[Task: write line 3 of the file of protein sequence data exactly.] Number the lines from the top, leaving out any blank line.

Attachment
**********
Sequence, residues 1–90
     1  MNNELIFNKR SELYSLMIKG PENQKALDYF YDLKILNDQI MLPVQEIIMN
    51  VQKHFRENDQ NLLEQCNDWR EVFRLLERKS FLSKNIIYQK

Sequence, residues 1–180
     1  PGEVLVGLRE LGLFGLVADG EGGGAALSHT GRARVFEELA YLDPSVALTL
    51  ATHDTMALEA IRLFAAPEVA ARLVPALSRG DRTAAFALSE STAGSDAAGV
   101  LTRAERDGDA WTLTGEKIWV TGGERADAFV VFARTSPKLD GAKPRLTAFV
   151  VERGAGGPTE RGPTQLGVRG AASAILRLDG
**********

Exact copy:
    51  VQKHFRENDQ NLLEQCNDWR EVFRLLERKS FLSKNIIYQK